We had the good fortune of connecting with Andrew McLean and we’ve shared our conversation below.

Hi Andrew, what do you attribute your success to?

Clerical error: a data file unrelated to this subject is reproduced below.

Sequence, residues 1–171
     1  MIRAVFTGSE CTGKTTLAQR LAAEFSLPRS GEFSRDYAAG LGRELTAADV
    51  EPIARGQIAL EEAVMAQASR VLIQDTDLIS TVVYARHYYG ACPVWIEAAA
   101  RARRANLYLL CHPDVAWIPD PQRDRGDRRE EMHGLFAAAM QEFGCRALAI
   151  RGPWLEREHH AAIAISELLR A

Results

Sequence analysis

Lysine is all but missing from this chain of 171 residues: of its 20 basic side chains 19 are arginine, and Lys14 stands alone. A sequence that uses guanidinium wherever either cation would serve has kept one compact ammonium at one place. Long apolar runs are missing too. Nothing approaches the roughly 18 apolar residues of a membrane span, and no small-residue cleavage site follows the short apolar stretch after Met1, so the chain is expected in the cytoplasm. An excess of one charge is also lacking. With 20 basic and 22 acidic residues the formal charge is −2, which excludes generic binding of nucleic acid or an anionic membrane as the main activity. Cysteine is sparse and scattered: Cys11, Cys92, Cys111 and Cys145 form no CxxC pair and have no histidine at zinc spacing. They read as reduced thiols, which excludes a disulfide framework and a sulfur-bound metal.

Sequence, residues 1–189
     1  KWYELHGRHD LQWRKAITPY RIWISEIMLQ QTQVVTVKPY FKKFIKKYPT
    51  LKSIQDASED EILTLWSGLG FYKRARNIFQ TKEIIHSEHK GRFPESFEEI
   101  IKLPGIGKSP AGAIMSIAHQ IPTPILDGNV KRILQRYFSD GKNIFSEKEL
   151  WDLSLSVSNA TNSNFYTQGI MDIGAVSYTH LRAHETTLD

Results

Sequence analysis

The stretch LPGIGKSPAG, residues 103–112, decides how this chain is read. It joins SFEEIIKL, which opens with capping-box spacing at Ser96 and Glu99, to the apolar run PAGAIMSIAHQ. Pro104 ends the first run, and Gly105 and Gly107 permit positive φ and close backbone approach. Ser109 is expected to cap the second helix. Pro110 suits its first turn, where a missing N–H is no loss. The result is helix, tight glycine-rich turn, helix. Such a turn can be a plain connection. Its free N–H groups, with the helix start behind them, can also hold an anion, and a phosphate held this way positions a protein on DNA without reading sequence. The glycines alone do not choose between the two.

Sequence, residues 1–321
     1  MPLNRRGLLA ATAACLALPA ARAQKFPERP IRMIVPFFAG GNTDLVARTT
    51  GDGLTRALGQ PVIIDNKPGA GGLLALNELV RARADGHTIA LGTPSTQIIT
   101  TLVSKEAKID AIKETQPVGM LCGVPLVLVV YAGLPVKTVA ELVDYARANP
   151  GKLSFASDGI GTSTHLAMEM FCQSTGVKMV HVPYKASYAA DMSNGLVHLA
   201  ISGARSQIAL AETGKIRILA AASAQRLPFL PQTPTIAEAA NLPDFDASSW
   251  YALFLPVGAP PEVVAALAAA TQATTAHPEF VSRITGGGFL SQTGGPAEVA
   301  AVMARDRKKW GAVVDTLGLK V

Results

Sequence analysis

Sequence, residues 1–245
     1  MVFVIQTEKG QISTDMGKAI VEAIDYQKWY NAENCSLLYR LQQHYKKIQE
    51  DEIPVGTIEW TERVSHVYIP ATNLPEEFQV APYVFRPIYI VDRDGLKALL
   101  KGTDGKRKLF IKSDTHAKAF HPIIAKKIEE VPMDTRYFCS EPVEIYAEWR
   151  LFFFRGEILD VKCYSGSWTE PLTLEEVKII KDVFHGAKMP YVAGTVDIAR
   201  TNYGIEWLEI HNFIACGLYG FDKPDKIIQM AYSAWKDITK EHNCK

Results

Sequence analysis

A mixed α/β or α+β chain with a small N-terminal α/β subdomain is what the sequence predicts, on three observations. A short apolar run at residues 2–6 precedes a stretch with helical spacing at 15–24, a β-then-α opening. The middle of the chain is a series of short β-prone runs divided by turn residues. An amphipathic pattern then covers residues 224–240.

Recognizing the power of the underdog. Our brand, from the very beginning, sought to enter and compete in an international market space dominated by very large, very powerful, and very well established brands. The biggest advantage we had in 2013 when I sketched our first concepts in a notebook, and continue to exploit today, is that we are not constrained by the “establishment mentality” of behemoth corporations. Ironically, all of the legacy attributes these giants often promote in their marketing – longstanding traditions, generational stability, fame, wealth, etc – also render them extremely slow to adapt to new challengers because they are necessarily risk-averse. Our speed, agility, and unconventional thinking combine to challenge their outmoded market position because they are simply too big to react quickly. They’re trying to turn a container ship while we’re zipping around in a speedboat. Eventually, they’ll catch up, but during these periods of inversion we gain incremental market share by becoming the market maker when we force them to react to us. I dislike the term “disrupter” but that’s what it is. When we first started, I noticed a lot of other smaller companies doing the opposite by mimicking the market makers and I think the strategic misstep there is that you are actually strengthening their legacy position and failing to differentiate. Recognizing and exploiting our underdog position meant being open to better tech, new engineering, different processes. Sometimes, we had no choice. When big companies literally control the supply chain, we had to develop materials, engineering, and processes to create our own supply chain. You’ve probably heard a million traditionalists in every aspect of life and business say things like “This is just how it’s done.” To win, I think you have to be willing to ask “why?” especially if there is a better way. That’s how you exploit your asymmetrical advantage of being the underdog.